Unmarked German Baby

New-born flange head (circumference 5 inches) with closed mouth, painted eyes, domed head with painted hair, and many blemishes. Marked '392' or '592' or 'J92' and 'Germany'. Origin not certain (to me).
Restored on reproduction cloth body with cloth feet, reproduction hands in fist shape from a modern doll, and christening outfit in ecru silks and lace. See below for further construction details.
he popularity of this type of new-born head began in 1922 with the Bye-Lo Baby (later referred to as the 'Million Dollar Baby') designed by Grace Storey Putnam. It was copied in 1924 by Armand Marseille who introduced his Dream Baby (mould numbers 341 closed mouth, and 351 open mouth), which can be found in many sizes on many different types of cloth body.

This is a solemn-faced bisque flange head, with painted eyes and hair, designed to go on a cloth body . It is probable this doll had cloth feet covered by the clothing (as I have restored it). It may also have had cloth hands, but I have added fist shaped hands from a modern doll mold; I like the result, but the hands would not have been like this originally. Detail of the hands is shown with the face detail.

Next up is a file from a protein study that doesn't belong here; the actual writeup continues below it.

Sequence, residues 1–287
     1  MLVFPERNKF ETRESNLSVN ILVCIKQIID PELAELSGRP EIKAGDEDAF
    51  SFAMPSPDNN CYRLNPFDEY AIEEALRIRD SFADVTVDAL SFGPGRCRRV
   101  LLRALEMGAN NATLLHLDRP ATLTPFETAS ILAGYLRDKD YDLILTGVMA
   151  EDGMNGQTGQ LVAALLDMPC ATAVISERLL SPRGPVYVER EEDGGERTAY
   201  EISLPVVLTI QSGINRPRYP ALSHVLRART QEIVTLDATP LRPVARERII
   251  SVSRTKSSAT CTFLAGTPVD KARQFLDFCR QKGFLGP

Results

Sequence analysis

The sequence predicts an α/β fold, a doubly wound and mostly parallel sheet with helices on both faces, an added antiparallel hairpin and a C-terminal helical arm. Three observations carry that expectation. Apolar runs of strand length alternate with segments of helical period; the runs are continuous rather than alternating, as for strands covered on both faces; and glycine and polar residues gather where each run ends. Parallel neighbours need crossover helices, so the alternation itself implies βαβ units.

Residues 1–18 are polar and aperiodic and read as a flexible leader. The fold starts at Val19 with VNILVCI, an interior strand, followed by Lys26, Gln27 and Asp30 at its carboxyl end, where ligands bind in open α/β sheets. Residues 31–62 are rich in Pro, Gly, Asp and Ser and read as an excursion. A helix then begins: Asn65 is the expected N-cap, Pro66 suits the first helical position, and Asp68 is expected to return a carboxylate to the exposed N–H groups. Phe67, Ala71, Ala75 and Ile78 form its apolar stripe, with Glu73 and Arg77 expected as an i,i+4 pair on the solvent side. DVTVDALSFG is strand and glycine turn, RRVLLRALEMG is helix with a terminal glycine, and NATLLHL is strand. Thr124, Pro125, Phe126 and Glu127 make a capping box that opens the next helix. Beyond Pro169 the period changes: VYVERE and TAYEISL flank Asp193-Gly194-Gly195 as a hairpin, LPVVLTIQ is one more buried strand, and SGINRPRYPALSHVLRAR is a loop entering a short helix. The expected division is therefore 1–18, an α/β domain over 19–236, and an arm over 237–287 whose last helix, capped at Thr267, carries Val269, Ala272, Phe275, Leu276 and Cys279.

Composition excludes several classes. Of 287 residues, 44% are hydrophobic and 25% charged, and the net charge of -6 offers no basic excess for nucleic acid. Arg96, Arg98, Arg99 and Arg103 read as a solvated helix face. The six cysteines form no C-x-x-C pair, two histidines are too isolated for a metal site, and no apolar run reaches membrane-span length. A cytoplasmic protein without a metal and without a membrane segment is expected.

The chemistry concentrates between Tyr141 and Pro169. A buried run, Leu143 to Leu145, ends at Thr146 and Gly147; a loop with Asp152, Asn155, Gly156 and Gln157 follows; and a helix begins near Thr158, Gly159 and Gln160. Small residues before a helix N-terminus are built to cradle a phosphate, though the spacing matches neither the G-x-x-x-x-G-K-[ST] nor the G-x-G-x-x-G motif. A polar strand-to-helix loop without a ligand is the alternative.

I made the "frog body" by reducing the pattern supplied in The Handbook of Doll Repair and Restoration book by Marty Westfall. The frog body is made in a sitting position and has cloth (or 'no') feet. With hindsight I would have weighted the bottom half of the body and legs by using sand for stuffing; as I did not do this the doll is top heavy and will tip over backwards very easily. I made reproduction hands for this doll by taking a mould of a modern doll hand set, in order to reduce them to the size I needed. It was my first venture into mould making and I was lucky it worked out. I had no idea how to make moulds and thus used an impossible technique but managed to achieve my aim, since the hands are such small items with a simple mould line.

The doll is dressed in ecru dupion silk and modern cotton lace (both easily obtainable). The pattern is a christening gown pattern by Joan Nerini; I had to reduce the pattern to fit, with less gathering on the bonnet and without the cape, because of the small size of the doll.